By Dr Kishore Kumar
A cancer diagnosis is upsetting at any age, but especially so when the patient is a child. It’s natural to have many questions, such as, “Why my child?”, “Did I do anything wrong to make my child get this?”, “What is the survival rate?” Although cancer in children is rare, it is an important cause of death. In India, it is estimated that about 50,000 children between the age group of 0 to 19 years are diagnosed with cancer each year. The cure rate is high overall and about 90 per cent of children with some forms of cancer can be cured.
Types of cancers in children
The most common cancer type reported in children is leukaemia, commonly known as blood cancer, which is also the cancer of the bone marrow and blood, occurring in both baby boys and girls. They account for about 30 per cent of all cancers in children. Acute lymphocytic leukaemia (ALL) is the commonest among them and acute myelogenous leukaemia (AML) is also one form of blood cancer in children. Such leukaemia can cause bone and joint pain, fatigue, weakness, pale skin, bleeding or bruising, fever, weight loss, and other symptoms.
Among other types of cancers of children are brain and spinal cord tumours. But it is important to note that childhood cancers have different characteristics than those occurring among adults. In developed countries, its incidence is relatively rare comprising of one per cent of the total cancer cases and survival rates of childhood cancers are high.
Factors contributing to paediatric cancers
Most cancers in children, like those in adults, are thought to develop as a result of mutations in genes that lead to uncontrolled cell growth and eventually cancer. In adults, these gene mutations are often the result of exposure to environmental factors, such as cigarette smoke, chewing tobacco, and ultraviolet radiation from the sun. However, environmental causes of childhood cancer have been difficult to identify, partly because cancer in children is rare. Some children inherit DNA changes (mutations) from a parent that increase their risk of certain types of cancer, but most childhood cancers are not caused by inherited DNA changes. They are the result of DNA changes that happen early in the child’s life, sometimes even before birth. Although the actual number of children who develop cancer is small, the total number of productive life years saved by curing these children is significantly high and therefore the effort in treating them appropriately is all the more worthwhile and fulfilling. But there are clear risk factors, like maternal smoking during pregnancy, that can increase the chances of the unborn baby getting cancer in later life.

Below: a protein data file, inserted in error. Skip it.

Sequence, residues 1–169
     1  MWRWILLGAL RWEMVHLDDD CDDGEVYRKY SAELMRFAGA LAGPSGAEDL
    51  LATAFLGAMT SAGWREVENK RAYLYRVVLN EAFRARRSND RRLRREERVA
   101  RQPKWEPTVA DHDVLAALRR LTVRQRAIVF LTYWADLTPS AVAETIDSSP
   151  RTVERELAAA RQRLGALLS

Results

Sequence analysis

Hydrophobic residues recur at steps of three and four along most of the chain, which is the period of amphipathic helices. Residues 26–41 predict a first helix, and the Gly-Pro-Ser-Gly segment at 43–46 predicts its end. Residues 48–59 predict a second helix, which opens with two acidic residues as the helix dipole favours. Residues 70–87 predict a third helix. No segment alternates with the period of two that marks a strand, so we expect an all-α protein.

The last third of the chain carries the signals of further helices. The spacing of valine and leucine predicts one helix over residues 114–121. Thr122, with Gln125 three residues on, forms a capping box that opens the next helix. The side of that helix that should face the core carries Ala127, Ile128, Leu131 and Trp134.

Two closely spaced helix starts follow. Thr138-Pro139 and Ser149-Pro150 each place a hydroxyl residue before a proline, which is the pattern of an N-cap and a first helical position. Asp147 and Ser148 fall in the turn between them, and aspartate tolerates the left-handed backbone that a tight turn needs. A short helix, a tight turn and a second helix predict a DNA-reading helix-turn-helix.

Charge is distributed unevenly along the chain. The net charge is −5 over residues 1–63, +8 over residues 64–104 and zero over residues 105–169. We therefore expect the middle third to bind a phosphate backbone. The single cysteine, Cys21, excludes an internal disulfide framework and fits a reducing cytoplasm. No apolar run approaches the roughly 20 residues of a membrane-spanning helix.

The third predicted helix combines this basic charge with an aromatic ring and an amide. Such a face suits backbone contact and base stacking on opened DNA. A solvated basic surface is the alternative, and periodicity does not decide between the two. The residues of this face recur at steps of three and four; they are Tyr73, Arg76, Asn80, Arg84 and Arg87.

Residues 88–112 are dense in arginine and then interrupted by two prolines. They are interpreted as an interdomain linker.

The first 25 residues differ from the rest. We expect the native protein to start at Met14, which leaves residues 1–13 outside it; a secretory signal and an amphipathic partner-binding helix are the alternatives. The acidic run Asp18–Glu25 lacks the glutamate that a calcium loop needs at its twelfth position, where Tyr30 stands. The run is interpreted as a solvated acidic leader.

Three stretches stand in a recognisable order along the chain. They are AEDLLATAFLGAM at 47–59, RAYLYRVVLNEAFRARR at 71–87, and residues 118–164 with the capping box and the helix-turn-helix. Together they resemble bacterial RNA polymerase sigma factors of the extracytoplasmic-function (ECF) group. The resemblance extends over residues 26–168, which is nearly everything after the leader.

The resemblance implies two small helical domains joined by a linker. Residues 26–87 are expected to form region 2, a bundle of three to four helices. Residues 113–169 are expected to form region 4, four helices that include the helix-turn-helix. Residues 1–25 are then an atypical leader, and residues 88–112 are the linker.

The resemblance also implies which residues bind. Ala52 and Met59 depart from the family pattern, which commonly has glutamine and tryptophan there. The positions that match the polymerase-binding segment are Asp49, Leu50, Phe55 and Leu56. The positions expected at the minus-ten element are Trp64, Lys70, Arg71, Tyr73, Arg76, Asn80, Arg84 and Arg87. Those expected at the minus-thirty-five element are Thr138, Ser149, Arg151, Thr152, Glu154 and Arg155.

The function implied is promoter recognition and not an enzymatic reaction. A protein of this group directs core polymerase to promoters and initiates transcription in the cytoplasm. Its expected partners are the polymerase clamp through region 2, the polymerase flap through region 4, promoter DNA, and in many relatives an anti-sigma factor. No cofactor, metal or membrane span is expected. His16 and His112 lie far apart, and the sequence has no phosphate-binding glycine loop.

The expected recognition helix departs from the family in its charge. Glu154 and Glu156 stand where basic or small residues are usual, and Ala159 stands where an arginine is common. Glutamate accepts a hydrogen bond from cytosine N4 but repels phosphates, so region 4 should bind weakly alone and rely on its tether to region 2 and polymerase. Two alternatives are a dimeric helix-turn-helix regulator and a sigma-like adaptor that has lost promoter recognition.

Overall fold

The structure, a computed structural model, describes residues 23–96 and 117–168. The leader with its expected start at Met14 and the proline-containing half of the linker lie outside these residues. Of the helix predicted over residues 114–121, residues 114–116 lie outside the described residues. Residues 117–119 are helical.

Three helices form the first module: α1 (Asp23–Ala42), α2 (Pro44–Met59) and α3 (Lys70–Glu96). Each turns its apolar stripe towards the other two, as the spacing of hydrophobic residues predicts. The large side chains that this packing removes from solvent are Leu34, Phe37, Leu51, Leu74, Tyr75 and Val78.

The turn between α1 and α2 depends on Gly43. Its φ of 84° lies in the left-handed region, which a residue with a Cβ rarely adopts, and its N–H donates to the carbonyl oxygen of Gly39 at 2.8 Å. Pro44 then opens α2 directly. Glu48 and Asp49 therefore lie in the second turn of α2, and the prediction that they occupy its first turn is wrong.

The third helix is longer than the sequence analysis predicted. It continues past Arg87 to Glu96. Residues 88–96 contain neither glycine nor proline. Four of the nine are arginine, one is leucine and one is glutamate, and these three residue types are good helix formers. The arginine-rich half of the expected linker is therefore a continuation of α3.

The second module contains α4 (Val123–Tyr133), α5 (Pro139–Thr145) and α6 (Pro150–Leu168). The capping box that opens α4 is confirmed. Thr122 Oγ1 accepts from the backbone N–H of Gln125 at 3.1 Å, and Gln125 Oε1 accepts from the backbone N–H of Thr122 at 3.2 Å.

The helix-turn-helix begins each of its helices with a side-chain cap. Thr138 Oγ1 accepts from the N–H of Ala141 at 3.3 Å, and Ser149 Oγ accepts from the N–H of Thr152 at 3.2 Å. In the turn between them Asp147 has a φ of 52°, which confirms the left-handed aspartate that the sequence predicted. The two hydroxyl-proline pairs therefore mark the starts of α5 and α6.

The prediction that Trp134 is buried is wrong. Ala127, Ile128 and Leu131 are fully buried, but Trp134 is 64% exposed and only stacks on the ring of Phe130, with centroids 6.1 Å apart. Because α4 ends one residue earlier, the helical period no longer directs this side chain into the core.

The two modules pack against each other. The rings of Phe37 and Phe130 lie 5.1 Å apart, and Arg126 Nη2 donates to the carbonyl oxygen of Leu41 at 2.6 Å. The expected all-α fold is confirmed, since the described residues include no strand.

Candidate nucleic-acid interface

Symptoms to watch out
Any changes in the child such as an unusual lump or swelling, unexplained paleness and loss of energy, easy bruising, an ongoing pain in one area of the body, limping or unexplained fever or illness that doesn’t go away and sudden eye or vision changes should be monitored and checked with the doctor.
The average age of a child diagnosed with cancer is six years. Childhood cancer is diagnosed in all ages, from newborn infants to children and young adults. It is unusual, but it can happen. The most common cancer in newborns is neuroblastoma, a rare cancer of the developing nervous system.
Despite the high cure rates in developed countries, it is estimated that in India 70 per cent children die of cancer due largely to lack of awareness, late detection and late diagnosis, inadequate facilities, the high cost of treatment and the absence of supportive care and nutritional support during treatment.
Treatment of paediatric cancers in India
Treatment for childhood cancer is based mainly on the type and stage (extent) of the cancer. However, the main types of treatment options are surgery, radiation therapy and chemotherapy. Some types of childhood cancers might be treated with high-dose chemotherapy. Newer types of treatment, such as targeted therapy drugs and immunotherapy, have also shown promise in treating some childhood cancers.
There are exceptions, but childhood cancers usually respond well to chemotherapy. Children’s bodies are also generally better able to recover from higher doses of chemotherapy than are adults’ bodies.
During and after cancer treatment, most families are mainly concerned about the short- and long-term effects of the cancer and its treatment, and concerns about the cancer still being present or coming back. Because of major advances in treatment, more children treated for cancer survive into adulthood. But treatments might affect children’s health later in life, so watching for health effects as they get older has become more of a concern in recent years. The earlier any problems are recognised, the more likely it is they can be treated effectively. Remember, childhood cancer is curable.
(The writer is Founder Chairman and Neonatologist, Cloudnine Group of Hospitals, Bengaluru.)